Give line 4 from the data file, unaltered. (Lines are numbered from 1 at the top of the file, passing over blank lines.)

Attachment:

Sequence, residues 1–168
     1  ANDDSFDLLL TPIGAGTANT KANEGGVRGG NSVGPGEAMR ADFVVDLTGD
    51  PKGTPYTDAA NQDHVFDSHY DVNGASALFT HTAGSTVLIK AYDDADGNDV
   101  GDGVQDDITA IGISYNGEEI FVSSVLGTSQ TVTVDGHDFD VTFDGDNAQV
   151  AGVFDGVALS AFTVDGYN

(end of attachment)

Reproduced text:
   101  GDGVQDDITA IGISYNGEEI FVSSVLGTSQ TVTVDGHDFD VTFDGDNAQV